Monday, May 29, 2017
JFK'S 100-YEAR ANNIVERSARY
May 29, 1917--the birthdate of John Fitzgerald Francis Kennedy-- "Francis" was his confirmation name. Below is an article from Sue's News, published in 2010:
NOT MEETING JFK
The only time I ever skipped school was in 1960, to go to London, Ohio, as Senator John F. Kennedy was supposed to be in a motorcade on his way to Columbus, while campaigning for President.
When we arrived the motorcade had already passed. Whoever heard of a political event being ahead of schedule? When I returned to school, all was forgiven because Mr. Kelley was a Democrat and he excused me.
Watching the results of the election, President Kennedy was quoted as saying, "Ohio--where I get the warmest welcome--and the fewest votes." I was passionate about the election and spent every moment I could "campaigning" for JFK. There is no way to ever capture the passion felt of young love--or young politics--one of the saddest realizations--and a defining moment in my life--was discovering all of the anti-Catholic sentiment in my own county, as well as in the rest of the country.
My best friend and I would go around the county with her mother, gathering up all of the anti-Catholic literature we could find and destroying it. At that time, there were phone booths on nearly every corner in Washington C.H. and there were always pamphlets left there. The disgusting literature was also readily available on the counters at Downtown Drug and Pensyl's and all other businesses of the John Birch Society followers. I was so naive that I asked Mr. Pensyl if he knew who had left those disgraceful pamphlets. He told me to leave the store. My friend's mother quit going to Dr. Binzel when she saw those flyers there. In the remainder of the time that Pensyl's and Downtown Drug were there, I never again entered the buildings.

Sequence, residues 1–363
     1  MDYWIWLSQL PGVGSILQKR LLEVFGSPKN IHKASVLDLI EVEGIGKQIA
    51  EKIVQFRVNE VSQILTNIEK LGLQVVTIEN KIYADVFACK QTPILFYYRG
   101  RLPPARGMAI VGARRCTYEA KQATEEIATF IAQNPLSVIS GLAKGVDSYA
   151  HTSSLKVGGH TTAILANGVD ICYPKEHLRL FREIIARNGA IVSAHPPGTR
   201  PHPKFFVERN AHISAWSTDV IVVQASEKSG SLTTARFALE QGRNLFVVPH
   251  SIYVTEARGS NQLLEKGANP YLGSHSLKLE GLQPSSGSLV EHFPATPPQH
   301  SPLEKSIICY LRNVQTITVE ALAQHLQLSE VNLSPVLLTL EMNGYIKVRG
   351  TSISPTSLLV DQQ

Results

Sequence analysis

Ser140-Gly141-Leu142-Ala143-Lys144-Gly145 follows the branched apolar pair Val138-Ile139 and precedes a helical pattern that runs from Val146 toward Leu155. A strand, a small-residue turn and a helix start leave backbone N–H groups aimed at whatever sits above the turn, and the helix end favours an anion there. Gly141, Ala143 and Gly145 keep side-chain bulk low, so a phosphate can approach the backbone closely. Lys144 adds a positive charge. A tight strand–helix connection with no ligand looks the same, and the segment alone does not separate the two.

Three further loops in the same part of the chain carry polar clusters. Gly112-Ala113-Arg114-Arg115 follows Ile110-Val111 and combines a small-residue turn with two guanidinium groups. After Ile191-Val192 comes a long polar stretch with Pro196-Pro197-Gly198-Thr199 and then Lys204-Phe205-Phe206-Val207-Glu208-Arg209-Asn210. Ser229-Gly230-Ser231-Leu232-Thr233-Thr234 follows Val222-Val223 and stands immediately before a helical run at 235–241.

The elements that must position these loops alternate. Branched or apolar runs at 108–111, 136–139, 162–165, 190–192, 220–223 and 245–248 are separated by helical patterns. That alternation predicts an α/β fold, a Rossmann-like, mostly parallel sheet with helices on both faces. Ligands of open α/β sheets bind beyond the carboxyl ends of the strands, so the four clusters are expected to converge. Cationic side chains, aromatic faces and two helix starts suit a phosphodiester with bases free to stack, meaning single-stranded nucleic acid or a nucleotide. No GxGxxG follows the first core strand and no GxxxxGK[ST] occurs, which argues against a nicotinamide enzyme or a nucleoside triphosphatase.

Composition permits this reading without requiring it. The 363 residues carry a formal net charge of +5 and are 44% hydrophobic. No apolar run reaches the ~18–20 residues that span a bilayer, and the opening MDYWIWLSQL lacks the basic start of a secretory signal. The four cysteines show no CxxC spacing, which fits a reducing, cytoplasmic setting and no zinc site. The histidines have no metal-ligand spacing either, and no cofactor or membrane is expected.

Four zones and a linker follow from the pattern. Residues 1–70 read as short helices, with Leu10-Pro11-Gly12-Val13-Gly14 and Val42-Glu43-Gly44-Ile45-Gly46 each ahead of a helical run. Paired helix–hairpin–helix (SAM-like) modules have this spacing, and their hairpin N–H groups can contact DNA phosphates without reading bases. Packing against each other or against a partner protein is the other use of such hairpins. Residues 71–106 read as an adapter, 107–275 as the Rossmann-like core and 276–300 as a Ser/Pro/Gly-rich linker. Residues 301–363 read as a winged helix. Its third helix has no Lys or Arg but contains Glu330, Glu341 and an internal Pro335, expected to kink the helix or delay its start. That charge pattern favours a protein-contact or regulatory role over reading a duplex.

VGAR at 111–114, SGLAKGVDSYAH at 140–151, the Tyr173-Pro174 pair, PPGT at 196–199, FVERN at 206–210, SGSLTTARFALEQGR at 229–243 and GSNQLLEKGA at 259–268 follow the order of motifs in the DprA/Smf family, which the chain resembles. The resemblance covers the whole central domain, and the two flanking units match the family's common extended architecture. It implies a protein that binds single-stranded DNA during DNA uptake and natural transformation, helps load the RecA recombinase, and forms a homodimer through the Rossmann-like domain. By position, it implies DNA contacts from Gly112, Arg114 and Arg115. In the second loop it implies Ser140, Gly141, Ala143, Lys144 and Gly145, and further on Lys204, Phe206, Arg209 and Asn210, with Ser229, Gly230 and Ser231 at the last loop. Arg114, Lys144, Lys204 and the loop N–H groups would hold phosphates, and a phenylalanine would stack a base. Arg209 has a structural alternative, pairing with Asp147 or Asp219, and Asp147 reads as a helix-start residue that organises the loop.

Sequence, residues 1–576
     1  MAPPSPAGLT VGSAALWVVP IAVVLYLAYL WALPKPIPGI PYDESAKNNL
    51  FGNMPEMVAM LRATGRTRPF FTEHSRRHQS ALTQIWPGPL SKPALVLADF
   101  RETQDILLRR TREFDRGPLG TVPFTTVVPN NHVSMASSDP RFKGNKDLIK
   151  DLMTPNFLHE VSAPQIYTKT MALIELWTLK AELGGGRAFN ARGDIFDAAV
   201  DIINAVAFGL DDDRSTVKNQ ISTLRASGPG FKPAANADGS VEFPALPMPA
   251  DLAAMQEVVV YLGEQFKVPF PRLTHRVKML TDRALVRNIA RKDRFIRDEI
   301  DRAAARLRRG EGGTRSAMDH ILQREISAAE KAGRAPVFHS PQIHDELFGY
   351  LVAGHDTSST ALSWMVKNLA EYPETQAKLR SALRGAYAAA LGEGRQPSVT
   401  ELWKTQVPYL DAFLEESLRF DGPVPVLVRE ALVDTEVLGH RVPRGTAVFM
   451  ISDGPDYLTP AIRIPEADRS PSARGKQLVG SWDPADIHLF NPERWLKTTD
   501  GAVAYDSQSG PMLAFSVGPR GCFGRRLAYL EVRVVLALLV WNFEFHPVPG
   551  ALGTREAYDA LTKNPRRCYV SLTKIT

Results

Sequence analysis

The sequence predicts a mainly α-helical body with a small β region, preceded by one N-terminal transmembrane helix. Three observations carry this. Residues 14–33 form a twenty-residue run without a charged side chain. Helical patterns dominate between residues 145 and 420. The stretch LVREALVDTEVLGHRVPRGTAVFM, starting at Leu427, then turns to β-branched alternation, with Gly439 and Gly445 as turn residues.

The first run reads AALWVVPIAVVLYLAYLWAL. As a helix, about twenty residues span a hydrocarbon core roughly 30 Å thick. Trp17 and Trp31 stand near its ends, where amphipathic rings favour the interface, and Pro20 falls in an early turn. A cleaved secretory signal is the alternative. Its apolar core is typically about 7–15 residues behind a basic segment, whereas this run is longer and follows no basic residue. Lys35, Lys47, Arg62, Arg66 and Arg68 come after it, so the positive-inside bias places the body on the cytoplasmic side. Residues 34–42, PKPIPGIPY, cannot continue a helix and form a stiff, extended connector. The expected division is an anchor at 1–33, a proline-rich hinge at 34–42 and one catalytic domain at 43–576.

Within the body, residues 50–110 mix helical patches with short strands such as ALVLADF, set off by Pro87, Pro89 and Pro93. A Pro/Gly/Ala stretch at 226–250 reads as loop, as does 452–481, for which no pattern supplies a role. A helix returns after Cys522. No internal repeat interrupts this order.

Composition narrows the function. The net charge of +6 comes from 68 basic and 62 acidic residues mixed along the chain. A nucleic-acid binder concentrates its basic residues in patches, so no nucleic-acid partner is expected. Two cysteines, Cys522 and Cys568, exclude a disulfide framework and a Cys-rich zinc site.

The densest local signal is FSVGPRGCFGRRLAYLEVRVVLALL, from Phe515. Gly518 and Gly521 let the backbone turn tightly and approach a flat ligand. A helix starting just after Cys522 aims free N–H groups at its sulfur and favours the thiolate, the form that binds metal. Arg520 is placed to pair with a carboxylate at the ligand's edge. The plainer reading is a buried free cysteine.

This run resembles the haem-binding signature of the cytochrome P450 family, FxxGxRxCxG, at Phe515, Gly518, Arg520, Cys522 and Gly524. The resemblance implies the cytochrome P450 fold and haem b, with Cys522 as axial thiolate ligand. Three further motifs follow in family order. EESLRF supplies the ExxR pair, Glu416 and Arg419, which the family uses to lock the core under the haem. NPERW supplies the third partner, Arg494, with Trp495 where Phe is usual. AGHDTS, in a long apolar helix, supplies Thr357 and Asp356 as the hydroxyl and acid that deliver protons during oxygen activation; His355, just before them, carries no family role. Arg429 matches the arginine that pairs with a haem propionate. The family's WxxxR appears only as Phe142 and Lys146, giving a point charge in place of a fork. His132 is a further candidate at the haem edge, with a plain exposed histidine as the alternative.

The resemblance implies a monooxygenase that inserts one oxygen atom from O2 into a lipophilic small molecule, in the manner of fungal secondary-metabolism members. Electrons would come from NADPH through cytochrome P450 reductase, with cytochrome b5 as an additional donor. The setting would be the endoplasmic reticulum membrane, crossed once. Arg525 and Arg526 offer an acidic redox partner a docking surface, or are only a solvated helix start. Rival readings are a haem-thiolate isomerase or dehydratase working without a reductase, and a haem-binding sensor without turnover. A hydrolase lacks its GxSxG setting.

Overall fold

That is the main reason that we started shopping out of town. My friend has kept one of those deplorable pamphlets we found, framed on her wall with the note, "LEST WE FORGET".
At a class reunion, two of my classmates and I were discussing JFK and how important he was in our lives. Then something peculiar occurred--all the others there said how they had also been for Senator Kennedy--but I knew better because Mr. Kelley had conducted a mock election in our Government class. I spoke up and said, "I remember the mock election and there were only FOUR votes for Kennedy and the rest were for Nixon." Mike Coil laughed and told them that it was true. I then proceeded to tell WHO in our class had voted for Kennedy: Mike Coil, Bob Hammond, Don Grim, and myself. I took out my collection of senior photos and inscribed on the back of the pictures of Mike, Bob, and Don were references to our being Democrats.
As my brother Norman says, "I can never find anybody NOW who admits he/she voted for Nixon!"